Chapters and Associated Groups: Know your corporate status!

I want to remind chapter and associated group leaders about the importance of a corporate status.  This may be a no-brainer to some, but many organization leaders confuse this with the tax-exempt status (i.e., 501(c)3, 501(c)6, etc.)  There is really no connection between these two.

The process for becoming a formal non-profit, professional or trade organization typically involves obtaining an Employee Identification Number (EIN) which eventually becomes the organization’s Tax Identification Number (TIN) (once granted tax-exempt status from the Internal Revenue Service).

During that same time, most leaders/staff also work on having the organization become a recognized business entity in their state (or in another state with the help of a registered agent, but that’s a different blog post).  This process typically involves (1) completing an application for incorporation and (2) paying a registration fee when the application is filed.

Information regarding the forms, where to submit them and filing fees can ordinarily be found on the state’s Secretary of State or Corporate Commission website.

This part of the process is relatively easy and painless.  In fact, most states have gone completely electronic with this procedure.  The problem that I come across working with many smaller organizations is submitting the follow-up reports AFTER they have been incorporated.  You see, in order to maintain that corporate status, you must file regular reports letting the state know your organization continues to function as a business.  This is the opportunity for them to collect updated information on your organization as well (e.g., officer, business address, etc.)  Many states also collect a fee each time the report is filed (which may be annually, biennially, etc.)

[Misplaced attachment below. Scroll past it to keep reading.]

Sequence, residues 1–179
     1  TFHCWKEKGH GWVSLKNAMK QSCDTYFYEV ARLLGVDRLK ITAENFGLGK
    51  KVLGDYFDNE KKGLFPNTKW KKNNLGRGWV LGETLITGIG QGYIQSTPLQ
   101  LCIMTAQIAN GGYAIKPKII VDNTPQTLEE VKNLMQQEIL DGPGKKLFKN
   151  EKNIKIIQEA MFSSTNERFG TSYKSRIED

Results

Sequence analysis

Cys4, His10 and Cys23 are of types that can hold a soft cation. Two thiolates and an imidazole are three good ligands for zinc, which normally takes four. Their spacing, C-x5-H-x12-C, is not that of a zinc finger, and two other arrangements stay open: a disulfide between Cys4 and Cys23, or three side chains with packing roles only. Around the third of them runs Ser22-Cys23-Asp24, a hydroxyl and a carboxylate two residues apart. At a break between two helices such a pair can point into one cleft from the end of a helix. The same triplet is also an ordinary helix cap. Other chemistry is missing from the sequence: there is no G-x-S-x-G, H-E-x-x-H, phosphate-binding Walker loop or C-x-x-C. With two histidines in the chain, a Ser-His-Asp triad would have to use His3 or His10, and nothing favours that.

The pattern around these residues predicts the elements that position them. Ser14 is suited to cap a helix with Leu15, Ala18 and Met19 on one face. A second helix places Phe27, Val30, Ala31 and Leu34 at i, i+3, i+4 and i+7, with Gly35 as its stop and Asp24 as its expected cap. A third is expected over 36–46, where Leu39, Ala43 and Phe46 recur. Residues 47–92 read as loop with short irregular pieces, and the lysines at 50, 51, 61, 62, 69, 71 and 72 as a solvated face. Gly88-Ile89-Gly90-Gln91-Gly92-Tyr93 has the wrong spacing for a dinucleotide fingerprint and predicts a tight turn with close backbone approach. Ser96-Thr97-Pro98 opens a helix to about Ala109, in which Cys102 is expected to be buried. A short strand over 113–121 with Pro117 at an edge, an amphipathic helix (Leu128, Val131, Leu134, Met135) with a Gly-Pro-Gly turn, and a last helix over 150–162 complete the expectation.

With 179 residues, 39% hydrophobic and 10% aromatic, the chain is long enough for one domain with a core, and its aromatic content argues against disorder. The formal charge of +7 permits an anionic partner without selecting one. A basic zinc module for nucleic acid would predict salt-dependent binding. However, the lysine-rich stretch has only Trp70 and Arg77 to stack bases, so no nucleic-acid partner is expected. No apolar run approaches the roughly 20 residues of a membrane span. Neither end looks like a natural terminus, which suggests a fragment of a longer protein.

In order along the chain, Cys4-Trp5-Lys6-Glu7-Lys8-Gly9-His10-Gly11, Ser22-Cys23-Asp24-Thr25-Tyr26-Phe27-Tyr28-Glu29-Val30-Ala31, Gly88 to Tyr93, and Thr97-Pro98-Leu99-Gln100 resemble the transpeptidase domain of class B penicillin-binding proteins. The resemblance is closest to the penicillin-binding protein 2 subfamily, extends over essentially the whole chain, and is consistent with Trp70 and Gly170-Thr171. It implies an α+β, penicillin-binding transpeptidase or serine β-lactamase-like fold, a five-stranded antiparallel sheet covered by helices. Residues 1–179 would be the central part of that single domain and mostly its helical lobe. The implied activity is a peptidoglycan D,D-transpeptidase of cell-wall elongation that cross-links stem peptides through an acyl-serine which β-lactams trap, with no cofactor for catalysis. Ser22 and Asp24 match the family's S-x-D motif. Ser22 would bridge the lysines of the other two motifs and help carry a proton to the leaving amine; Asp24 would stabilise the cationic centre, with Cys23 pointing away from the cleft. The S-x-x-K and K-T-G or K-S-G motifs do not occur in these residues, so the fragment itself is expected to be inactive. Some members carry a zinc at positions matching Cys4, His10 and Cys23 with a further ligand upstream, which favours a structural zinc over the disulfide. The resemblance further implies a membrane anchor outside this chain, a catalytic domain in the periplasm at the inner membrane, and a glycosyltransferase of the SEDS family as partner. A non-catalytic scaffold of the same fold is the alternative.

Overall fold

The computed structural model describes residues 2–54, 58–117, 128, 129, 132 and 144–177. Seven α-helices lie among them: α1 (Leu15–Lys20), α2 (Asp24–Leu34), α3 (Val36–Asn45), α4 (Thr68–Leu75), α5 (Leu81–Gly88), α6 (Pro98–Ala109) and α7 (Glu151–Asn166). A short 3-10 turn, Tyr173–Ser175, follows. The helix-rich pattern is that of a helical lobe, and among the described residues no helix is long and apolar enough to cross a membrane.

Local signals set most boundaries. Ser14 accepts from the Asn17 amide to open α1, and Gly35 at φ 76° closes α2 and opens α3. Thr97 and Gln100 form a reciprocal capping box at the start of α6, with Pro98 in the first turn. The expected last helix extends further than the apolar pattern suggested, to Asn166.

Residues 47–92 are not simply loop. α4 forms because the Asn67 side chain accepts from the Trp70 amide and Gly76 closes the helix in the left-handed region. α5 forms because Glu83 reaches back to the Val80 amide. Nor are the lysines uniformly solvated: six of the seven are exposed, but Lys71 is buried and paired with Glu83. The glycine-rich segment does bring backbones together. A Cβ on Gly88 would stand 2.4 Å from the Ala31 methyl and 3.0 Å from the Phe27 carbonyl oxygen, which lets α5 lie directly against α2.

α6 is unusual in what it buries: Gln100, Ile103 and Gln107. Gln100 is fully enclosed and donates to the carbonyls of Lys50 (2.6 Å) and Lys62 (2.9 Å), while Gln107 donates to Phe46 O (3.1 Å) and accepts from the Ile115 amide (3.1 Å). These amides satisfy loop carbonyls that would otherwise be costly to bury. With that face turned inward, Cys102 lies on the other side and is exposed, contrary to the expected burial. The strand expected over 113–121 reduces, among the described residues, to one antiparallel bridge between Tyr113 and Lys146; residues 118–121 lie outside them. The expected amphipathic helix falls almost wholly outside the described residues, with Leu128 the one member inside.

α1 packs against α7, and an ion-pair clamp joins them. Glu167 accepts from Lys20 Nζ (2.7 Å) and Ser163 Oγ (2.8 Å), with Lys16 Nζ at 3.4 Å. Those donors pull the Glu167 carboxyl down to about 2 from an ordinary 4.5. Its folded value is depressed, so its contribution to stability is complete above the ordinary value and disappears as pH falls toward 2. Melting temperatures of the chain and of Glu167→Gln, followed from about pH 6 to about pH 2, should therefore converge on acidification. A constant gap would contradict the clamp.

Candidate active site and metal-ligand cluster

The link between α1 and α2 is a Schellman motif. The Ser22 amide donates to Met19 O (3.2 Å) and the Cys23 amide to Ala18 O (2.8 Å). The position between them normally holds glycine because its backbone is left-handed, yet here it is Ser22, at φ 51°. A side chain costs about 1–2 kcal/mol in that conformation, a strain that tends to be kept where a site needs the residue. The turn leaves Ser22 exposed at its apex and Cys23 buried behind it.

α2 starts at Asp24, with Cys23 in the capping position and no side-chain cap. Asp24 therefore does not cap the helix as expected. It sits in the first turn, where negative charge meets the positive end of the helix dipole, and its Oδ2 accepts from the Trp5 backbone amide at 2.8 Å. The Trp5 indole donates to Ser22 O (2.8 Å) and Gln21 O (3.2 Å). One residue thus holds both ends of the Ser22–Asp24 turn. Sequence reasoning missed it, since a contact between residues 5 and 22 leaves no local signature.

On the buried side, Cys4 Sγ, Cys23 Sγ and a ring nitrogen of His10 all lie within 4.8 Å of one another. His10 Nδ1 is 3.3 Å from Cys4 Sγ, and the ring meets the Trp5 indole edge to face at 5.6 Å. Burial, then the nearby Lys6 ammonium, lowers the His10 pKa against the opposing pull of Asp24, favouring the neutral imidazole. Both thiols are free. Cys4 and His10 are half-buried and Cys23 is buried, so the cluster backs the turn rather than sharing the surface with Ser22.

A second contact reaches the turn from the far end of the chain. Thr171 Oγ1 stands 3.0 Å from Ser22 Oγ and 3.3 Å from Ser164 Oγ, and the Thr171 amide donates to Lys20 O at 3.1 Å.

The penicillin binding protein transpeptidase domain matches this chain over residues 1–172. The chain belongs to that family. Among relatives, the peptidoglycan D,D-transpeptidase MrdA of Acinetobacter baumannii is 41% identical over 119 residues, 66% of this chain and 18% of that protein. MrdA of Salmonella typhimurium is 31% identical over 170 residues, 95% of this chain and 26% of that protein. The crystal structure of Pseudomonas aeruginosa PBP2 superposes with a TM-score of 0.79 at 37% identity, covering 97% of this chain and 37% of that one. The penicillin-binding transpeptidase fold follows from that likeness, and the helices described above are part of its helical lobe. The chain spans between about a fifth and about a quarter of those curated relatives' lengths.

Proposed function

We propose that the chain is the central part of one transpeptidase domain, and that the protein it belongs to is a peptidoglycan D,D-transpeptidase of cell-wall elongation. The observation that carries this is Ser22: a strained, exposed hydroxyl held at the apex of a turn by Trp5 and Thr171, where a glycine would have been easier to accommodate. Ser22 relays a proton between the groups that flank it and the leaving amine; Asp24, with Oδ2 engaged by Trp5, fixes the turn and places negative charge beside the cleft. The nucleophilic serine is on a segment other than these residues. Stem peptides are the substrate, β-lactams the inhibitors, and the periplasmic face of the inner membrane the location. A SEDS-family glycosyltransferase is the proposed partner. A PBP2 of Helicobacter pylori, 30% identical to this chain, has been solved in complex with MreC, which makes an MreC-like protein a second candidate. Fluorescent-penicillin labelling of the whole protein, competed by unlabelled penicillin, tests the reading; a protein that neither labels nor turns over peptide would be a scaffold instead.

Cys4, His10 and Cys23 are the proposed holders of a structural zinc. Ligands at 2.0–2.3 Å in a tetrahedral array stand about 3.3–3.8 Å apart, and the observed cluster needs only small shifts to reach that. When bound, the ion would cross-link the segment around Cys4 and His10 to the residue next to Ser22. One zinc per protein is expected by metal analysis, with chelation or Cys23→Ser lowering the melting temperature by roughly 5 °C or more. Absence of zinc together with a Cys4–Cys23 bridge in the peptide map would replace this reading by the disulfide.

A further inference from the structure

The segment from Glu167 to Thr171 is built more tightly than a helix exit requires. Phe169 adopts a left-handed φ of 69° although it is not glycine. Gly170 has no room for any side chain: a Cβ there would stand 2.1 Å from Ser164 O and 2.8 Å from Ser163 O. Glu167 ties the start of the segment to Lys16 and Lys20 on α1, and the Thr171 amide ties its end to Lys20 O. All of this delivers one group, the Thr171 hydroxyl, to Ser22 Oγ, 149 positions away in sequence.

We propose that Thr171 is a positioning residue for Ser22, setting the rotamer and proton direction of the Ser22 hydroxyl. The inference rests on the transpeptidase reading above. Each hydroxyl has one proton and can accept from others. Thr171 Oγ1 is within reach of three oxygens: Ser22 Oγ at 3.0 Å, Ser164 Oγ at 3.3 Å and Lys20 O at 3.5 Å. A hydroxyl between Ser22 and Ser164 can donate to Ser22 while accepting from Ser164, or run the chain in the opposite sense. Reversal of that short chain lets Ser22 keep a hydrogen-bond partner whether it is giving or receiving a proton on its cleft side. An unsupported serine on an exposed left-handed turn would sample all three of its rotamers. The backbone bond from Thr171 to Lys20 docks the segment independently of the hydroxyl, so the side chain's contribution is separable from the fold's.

Submitting these annual reports is important – if you don’t, your organization runs the risk of having its corporate status suspended or removed.

Why is all of this important anyway? Because having that “corporate covering” is the first line of defense for lawsuits brought against your officers, members and staff.  Many underwriters for directors and officers’ insurance, general liability insurance or event cancellation insurance won’t issue policies to unincorporated entities.  Some vendors like hotels and resorts will not conduct business with them either.

Many states do very well in sending reminders several weeks before annual reports are due, but if your association contact changes frequently or if you just aren’t sure, do some research on your state’s Secretary of State or Corporate Commissions website.  Better to be safe than sorry!

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One Comment

  1. Hotels Tacloban
    Posted March 29, 2012 at 9:18 pm | Permalink

    This is a very good info thanks for sharing!

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